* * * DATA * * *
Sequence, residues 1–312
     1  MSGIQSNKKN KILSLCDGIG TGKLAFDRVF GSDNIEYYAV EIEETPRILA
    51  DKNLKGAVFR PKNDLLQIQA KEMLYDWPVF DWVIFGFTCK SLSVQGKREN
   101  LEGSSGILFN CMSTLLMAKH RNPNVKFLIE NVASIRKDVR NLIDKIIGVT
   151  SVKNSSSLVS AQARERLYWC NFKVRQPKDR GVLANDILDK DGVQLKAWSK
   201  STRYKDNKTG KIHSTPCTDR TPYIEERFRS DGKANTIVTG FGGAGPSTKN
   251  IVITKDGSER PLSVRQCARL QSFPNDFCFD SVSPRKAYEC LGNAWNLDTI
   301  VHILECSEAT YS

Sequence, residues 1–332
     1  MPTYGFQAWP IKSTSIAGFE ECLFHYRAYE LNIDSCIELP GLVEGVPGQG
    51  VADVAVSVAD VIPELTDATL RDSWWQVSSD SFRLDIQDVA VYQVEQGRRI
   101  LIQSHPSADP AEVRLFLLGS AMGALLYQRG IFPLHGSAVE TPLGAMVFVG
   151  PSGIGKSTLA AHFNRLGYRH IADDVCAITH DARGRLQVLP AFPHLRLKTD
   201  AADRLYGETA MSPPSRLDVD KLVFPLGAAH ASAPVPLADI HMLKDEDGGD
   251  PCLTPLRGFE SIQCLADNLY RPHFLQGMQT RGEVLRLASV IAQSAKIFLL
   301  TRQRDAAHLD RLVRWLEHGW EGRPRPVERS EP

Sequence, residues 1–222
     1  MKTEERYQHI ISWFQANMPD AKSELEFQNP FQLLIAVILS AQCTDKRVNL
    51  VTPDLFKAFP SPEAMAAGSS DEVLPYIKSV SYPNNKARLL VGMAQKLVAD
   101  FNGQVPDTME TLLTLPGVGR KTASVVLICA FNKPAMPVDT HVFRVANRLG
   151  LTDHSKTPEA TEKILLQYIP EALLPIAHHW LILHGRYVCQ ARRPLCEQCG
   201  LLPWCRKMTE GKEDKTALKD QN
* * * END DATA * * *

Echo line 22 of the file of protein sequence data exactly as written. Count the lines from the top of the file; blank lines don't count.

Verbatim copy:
   201  LLPWCRKMTE GKEDKTALKD QN